Could a Massive Dam Between Alaska and Russia Save the Arctic?

Scientists have for decades proposed mastering the elements to control the weather. But is tinkering with the Arctic Ocean -- the world's air conditioner -- by building a dam across the Bering Strait really a good idea?

Two years ago a science writer from the Netherlands proposed a radical solution to combat melting in the Arctic. In his "North Pole Rescue Plan," (PDF) Rolf Schuttenhelm suggests blocking the flow of water from the Bering Sea into the Arctic Ocean. He argues that this idea -- crazy as it sounds -- is worth exploring.

"Complete melting of the Arctic would be a great loss. Ecologically, and, why not mention, emotionally," Schuttenhelm wrote in 2008. "It is as wrong as it feels."

The entire region is experiencing rapid climate change, and scientists predict the Arctic Ocean may be ice-free during summer by 2030. Erosion now threatens 31 Alaska villages, and at least 12 of them are looking at relocating. Two of them -- Kivalina and Shishmaref -- are in the very waters, the Chukchi Sea, most impacted by Schuttenhelm's proposals.

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These communities are losing ground and history to a warming Earth. Permafrost, the foundation on which their homes rest, is melting at an alarming rate. Coastlines are retreating, eaten and battered by sea waves. Buildings are buckling. Ground is sinking. And millions of dollars are being spent figuring out how best to save these communities.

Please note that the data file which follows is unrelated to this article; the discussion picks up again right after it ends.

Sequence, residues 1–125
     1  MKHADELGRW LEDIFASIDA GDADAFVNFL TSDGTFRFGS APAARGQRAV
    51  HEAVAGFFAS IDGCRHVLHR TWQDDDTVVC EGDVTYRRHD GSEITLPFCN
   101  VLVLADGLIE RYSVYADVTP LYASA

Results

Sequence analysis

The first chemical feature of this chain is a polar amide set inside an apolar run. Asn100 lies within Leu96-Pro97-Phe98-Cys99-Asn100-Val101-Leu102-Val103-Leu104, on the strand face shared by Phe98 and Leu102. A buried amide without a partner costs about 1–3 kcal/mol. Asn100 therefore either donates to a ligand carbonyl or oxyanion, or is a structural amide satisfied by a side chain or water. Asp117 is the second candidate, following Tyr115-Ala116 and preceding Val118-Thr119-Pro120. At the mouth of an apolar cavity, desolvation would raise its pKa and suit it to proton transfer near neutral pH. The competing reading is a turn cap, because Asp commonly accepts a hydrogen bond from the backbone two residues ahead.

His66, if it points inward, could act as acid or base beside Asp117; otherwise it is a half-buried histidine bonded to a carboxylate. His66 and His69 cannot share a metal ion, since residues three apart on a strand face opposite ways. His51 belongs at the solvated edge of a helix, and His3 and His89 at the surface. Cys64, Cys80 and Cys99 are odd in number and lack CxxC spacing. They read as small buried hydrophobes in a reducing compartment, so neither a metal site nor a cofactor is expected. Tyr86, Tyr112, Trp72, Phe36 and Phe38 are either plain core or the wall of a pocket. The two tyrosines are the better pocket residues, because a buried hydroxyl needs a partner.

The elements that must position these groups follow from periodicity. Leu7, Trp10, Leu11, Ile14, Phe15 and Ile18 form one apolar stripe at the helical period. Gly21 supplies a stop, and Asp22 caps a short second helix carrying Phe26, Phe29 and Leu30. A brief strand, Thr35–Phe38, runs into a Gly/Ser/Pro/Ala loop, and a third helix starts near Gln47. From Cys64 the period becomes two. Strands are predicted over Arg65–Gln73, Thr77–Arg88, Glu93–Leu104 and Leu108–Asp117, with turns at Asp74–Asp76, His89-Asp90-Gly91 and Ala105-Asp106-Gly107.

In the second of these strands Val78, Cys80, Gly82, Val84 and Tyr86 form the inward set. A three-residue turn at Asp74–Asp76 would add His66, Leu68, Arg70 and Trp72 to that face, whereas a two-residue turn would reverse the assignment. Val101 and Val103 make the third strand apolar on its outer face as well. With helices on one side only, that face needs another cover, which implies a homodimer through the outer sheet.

Meanwhile, the changing climate also threatens the Arctic Ocean's marine life. Both polar bears and walruses, for instance, need expanses of floating ice for hunting and migration. Increased warmth has made the Arctic a more dangerous place for people and wildlife alike. On Wednesday, the Obama administration announced it was designating an area of the Alaska Arctic larger than California as critical habitat for polar bears, which are listed as a threatened species because of the melting ice.

With so much at stake, the Dutchman argues that human society must take direct and extraordinary steps to reverse the warming trend and save the planet.

"I disagree with the conclusion we should not act -- out of human inertia," he wrote in his rescue plan. "The cost of inaction is enormous,"

Still, perhaps anticipating the public reaction to meddling with Mother Nature on such a scale, Schuttenhelm realized that it might be hard to tell whether blocking the gap between North America and Asia is an exercise in stupidity -- or one of simple genius. Acting rashly with too many unknowns wouldn't be wise, he acknowledged.

Scientists are deeply skeptical.

"Geo-engineering is an absolute fool's game," said Mark Serreze, director of the National Snow and Ice Data Center, in an interview Tuesday from his office in Boulder, Colo. "This idea that you are going to stop global warming in its tracks by protecting the Arctic is not realistic."

Yet Schuttenhelm is not the first to think damming the Bering merits further study. Decades ago, a Soviet engineer cobbled together a similar, if more elaborate, proposal aimed not at saving the Arctic's trademark chill, but eliminating it.